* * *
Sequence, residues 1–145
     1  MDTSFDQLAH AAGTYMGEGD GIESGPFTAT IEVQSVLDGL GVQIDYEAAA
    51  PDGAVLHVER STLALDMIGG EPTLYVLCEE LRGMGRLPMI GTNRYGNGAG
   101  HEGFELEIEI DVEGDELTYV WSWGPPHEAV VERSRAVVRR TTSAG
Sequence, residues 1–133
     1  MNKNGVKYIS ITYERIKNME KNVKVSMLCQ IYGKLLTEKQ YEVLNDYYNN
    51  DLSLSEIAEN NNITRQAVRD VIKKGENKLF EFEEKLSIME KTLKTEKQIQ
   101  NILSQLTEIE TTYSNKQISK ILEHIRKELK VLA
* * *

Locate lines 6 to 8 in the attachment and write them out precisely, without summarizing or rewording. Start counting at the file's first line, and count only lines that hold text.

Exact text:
     1  MNKNGVKYIS ITYERIKNME KNVKVSMLCQ IYGKLLTEKQ YEVLNDYYNN
    51  DLSLSEIAEN NNITRQAVRD VIKKGENKLF EFEEKLSIME KTLKTEKQIQ
   101  NILSQLTEIE TTYSNKQISK ILEHIRKELK VLA